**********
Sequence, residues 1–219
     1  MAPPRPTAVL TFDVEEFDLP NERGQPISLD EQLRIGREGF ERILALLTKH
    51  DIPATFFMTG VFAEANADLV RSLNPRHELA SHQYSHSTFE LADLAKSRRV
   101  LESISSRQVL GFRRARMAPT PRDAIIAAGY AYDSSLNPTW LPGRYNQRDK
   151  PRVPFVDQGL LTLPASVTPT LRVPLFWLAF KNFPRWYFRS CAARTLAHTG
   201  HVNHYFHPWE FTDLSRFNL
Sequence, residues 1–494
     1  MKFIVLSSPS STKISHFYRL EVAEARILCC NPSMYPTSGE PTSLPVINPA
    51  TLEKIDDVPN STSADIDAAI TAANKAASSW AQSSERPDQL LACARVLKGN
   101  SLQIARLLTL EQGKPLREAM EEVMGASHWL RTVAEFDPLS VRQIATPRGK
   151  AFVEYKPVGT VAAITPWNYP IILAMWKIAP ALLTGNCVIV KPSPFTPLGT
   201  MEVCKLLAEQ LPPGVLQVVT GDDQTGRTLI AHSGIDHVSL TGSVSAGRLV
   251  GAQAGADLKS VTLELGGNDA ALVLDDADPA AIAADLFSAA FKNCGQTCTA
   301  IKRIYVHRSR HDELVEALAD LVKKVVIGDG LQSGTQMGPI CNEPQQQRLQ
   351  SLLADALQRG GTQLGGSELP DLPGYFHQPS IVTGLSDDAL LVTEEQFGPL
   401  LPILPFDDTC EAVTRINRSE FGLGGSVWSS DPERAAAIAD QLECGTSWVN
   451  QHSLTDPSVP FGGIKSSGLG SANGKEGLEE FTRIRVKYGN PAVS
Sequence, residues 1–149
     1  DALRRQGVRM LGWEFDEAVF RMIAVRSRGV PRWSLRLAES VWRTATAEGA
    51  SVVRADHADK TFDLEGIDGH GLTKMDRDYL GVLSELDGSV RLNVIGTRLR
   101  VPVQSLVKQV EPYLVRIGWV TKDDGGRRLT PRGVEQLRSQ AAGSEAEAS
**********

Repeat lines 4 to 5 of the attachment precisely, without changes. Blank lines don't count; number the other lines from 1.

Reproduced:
   101  LESISSRQVL GFRRARMAPT PRDAIIAAGY AYDSSLNPTW LPGRYNQRDK
   151  PRVPFVDQGL LTLPASVTPT LRVPLFWLAF KNFPRWYFRS CAARTLAHTG